2. Participants will apply the hands-on approach presented in the first part of the event to their own research and writing. Within a small group of peers, you will brainstorm about the possibilities and pitfalls for communicating your own work to a general public. The groups will then select the research of one of their members as a case study for which they develop a “popular academic writing and communication plan” that advices on which communication channels, stylistic modes, and presentation formats would be suitable for this specific case.

Registration: Please register no later than April 1st

The event will take place at Drift 25, room 3.02 in Utrecht, with drinks & snacks afterwards.

For questions of any kind please contact us by email at phdcouncil.rmes@gmail.com

We are looking forward to meeting you there!

The RMeS PhD Council (Simone Driessen, Sjors Martens, Tim Groot Kormelink, Sofie Willemsen, Rik Spanjers, Lianne Toussaint, Sanne Rotmeijer)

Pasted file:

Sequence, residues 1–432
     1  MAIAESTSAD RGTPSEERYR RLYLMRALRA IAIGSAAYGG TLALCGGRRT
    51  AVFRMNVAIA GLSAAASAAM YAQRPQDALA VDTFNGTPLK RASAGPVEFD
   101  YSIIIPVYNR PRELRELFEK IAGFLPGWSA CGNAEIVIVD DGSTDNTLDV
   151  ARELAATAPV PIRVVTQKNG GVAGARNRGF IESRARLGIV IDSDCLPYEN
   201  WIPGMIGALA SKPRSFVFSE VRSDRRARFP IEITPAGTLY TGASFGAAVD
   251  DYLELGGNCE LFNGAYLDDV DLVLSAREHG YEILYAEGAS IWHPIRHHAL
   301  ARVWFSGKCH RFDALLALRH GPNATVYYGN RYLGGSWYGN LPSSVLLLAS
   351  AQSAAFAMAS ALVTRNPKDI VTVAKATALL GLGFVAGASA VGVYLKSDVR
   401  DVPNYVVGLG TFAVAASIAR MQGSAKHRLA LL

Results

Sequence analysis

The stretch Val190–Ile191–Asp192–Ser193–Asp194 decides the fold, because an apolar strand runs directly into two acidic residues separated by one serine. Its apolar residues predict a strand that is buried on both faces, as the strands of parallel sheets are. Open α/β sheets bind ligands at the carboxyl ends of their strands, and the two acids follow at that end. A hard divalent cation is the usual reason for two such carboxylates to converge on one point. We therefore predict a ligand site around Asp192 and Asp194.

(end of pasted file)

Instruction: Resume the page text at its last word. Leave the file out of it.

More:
PhD Defence: Alex Gekker (Utrecht University)

Uniquitous Cartography: Casual Power in Digital Maps

When? 9 December 2016, 14:30
Where? Senaat hall of the Academiegebouw (academy building) of Utrecht University, at Domplein 29, 3512 JE  Utrecht.
The doors close at the exact time and latecomers will not be able to enter.

On 9 December 2016, Alex Gekker will defend his PhD Thesis Uniquitous Cartography: Casual Power in Digital Maps. His main proposition is that mobile digital maps should be understood simultaneously as being ubiquitous (think Google Maps) and being personalised. This results in unique power relations between makers and users of such maps, which become part of our mundane technological background.